The general idea is develop an algorithm to minimize the number of sensors to cover the mapped area and, at the same time, maximize the distance covered by the signal transmitted for each sensor.

    Even recently, in most situations, the sensor placements are based purely on empirical judgment and experience of a technician or engineer [10]. In this regard, numerical sensor placement optimization has become a potential alternative and has been a research topic over last decades in the structural control, health-monitoring, and performance-modeling fields.

    A variety of algorithms have been developed to facilitate sensor placement optimization. In [11], for instance, Handam and Nayfeh proposed a modal controllability and observability as metrics to instruct sensor placement determination. Worden and Burrows in [12] investigated fault detection and classification using neural networks. A Bayesian approach within a damage detection theory framework was proposed by Flynn and Todd in [13]. A few years ago, Yi et al. [14] applied a distributed algorithm for the optimal design of system sensor arrays. Zhang and Xu, in [15] used a Kalman filter framework with unknown excitation to conduct placement of different types of sensors. In [16], Papadopoulou et al. identified sensor configuration using sequential sensor placement algorithms.

    Among these well-developed methods, the effective independence method first presented by Kammer, in [17], has been extensively applied in various sensor placement applications because of its simple concept and validated performance. In this method, a number of candidate sensor positions are eliminated or added in terms of their rankings evaluated by the determinant of a Fisher Information Matrix (FIM) [18]. On the other hand, because sensor measurement is unavoidably affected by ambient noise, the methods that take uncertainties into account become practically applicable. One potential method in this category, so-called information entropy, is widely adopted to address measurement uncertainty by finding the best match of structural testing that can minimize the negative consequence of uncertainty [19] [20] [21].

    The process of sensor placement search and determination can be mathematically formulated as an optimization problem in which discrete variables represent the available sensor position in the structured system. The objectve function, to be minimized or maximized, is defined to measure the performance of sensor configuration [22].

    An exhaustive search for the optimal sensor configuration is computationally prohibitive, especially for large-scale structures with a huge number of rooms or levels. A different number of optimization schemes have been proposed to address the computational issue, such as simulated annealing in [23] and [24]. Genetic algorithms (GAs) was also introduced as a feasible approach by [25] and [26] where the authors improved the utilization of genetic algorithms to cope with the sensor location optimization problem by approximately solving the discrete optimization problem by exploring infinitesimal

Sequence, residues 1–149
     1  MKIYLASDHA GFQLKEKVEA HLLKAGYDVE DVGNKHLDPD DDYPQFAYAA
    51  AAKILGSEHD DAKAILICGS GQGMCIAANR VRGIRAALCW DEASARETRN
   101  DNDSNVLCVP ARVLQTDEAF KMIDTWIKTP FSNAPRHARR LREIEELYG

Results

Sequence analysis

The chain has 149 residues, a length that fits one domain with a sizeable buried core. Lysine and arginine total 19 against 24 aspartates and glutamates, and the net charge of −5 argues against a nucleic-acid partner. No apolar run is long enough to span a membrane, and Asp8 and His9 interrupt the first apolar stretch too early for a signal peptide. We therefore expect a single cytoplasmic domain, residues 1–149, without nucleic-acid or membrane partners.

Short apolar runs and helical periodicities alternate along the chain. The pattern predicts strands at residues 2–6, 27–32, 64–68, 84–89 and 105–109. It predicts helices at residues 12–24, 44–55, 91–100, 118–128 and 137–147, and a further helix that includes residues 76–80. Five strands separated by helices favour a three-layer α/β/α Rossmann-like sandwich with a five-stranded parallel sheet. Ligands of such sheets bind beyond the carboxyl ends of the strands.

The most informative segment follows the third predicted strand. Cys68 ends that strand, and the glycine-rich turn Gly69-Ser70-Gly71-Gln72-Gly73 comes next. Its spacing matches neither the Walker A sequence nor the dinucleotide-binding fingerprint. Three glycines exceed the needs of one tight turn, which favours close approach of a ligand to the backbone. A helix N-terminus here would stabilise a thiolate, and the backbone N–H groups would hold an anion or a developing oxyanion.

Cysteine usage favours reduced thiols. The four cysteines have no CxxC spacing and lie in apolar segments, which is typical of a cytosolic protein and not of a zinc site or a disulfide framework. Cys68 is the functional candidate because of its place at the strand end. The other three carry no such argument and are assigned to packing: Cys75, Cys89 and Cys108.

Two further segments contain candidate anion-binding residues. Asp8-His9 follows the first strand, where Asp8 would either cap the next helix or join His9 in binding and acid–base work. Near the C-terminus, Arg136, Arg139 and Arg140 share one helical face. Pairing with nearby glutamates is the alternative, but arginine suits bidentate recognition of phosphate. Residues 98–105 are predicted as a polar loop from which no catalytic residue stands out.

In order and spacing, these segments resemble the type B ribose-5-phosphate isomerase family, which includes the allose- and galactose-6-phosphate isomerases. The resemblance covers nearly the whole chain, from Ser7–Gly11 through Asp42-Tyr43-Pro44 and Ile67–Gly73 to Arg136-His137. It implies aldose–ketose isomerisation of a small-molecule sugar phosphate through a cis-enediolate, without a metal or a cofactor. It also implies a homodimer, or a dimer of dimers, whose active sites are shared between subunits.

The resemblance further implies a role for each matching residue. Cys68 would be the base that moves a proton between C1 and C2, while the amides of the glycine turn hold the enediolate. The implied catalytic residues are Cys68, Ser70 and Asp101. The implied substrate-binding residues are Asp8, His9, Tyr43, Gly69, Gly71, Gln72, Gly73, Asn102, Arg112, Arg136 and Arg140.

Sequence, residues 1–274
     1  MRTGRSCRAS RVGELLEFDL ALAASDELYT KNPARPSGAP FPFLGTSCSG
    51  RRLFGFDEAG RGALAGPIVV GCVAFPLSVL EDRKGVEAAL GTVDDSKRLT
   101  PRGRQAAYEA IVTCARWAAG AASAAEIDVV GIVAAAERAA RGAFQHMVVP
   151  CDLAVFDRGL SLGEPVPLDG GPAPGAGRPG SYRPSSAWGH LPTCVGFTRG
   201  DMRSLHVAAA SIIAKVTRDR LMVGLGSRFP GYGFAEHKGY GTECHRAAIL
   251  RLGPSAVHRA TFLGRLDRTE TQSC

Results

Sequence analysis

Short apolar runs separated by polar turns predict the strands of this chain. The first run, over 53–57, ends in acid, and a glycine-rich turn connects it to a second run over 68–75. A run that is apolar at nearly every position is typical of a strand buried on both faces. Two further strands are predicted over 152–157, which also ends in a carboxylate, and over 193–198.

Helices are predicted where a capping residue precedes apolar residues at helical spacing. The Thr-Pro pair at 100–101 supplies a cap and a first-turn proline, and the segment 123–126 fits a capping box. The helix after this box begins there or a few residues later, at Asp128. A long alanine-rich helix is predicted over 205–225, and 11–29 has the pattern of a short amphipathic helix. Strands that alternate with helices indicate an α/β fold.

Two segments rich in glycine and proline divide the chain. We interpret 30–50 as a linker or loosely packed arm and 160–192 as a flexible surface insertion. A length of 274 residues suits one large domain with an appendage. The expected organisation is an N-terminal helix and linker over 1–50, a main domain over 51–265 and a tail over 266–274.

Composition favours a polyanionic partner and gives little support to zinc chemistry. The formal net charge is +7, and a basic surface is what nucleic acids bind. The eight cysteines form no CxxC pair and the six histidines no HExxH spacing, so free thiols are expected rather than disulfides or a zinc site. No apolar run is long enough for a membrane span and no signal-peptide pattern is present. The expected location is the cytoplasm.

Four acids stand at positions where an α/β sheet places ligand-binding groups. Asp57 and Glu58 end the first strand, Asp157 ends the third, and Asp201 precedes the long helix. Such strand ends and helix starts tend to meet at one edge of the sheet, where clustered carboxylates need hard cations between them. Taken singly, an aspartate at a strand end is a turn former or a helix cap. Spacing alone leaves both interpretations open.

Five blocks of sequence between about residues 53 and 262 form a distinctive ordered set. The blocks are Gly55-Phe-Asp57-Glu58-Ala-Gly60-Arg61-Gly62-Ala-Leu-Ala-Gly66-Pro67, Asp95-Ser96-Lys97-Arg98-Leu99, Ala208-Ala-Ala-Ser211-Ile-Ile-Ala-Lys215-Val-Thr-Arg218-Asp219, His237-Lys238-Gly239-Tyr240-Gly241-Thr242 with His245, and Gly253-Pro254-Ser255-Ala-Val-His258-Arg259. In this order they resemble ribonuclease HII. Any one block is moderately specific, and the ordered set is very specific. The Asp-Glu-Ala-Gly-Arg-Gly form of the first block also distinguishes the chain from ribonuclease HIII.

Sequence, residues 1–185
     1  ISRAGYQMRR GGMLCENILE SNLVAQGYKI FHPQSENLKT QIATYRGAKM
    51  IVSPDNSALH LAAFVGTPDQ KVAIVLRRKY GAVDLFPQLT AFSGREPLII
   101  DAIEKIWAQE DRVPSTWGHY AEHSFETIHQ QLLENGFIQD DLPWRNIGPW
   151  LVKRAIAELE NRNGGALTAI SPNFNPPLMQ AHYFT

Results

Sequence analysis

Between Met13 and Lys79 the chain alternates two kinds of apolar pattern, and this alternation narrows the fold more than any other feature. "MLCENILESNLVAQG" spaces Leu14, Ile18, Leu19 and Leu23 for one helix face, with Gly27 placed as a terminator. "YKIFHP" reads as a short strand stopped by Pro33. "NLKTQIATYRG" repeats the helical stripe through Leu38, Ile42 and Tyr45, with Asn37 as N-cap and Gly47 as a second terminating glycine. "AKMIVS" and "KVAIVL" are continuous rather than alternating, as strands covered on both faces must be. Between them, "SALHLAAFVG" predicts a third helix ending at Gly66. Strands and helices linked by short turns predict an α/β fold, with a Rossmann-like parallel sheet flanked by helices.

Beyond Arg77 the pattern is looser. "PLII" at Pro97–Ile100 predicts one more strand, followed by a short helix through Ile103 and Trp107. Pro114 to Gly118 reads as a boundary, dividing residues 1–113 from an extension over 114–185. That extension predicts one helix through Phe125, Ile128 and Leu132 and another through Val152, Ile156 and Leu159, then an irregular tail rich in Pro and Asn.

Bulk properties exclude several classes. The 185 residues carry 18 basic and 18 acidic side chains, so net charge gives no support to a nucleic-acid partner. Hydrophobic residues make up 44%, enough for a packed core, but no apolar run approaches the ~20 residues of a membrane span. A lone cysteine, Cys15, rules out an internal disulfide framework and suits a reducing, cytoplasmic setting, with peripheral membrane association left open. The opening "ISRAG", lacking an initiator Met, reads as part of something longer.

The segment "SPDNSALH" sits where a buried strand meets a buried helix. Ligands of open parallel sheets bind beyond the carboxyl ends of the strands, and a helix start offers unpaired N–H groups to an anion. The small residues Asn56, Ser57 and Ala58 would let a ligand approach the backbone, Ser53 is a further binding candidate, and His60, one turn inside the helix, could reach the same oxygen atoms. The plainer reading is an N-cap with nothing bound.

fractions over the entire sensor confiVguorla. t9ioIsnsusepa0c8e, ,Aaulglouwsti-n20g20 GAs to solve a wide range of problems with a global search function to reach optimal or near optimal solutions for engineering applications [27]. A drawback for the GA approach is the number of configurations and a final tuning process that still depend of a well experienced technician or engineer for the judgment for the final decision of sensor placement.

    Currently, sensor placement analysis still requires repeated implementation to ensure result fidelity once the target indoor structure or the placement optimization metric changes. This research is conducted to address this issue by developing an optimized and dynamic sensor placement algorithm that take in consideration the most used route of a monitored specific agent or object (it could be a robot or a person for example).

    The agent or object will provide statistical data that allow to calculate the most useful or common route in the indoor environment.

    That statistical data or routes will be used as an input data for the sensor placement optimization algorithm, which will be taking in consideration the agents path to minimize the sensors distance and maximize the signal transmission utilization.

    The following sessions will present the methodology, mathematical modeling, and results obtaining by using this proposed sensor placement optimization approach.


    One of the first steps is how to represent properly a set of wireless network sensors. It can be done by two main different ways: with random placement or with grid-based placement. For unknown environments, random placement is the only choice and, sometimes, the alternative is to deploy sensors on a sensor field to guarantee a minimal and particular quality of service. The field is generally divided into grids and sensors are carefully deployed at the grid points like the one presented by Figure 2. A specific floor plan has its coordinates (x, y positions) related to a cell into the grid. This approach is called grid-based placement [28]. This paper focuses mainly on the utilization of this method.

    Figure 2. Example of floor plan divided into a grid. Source [28].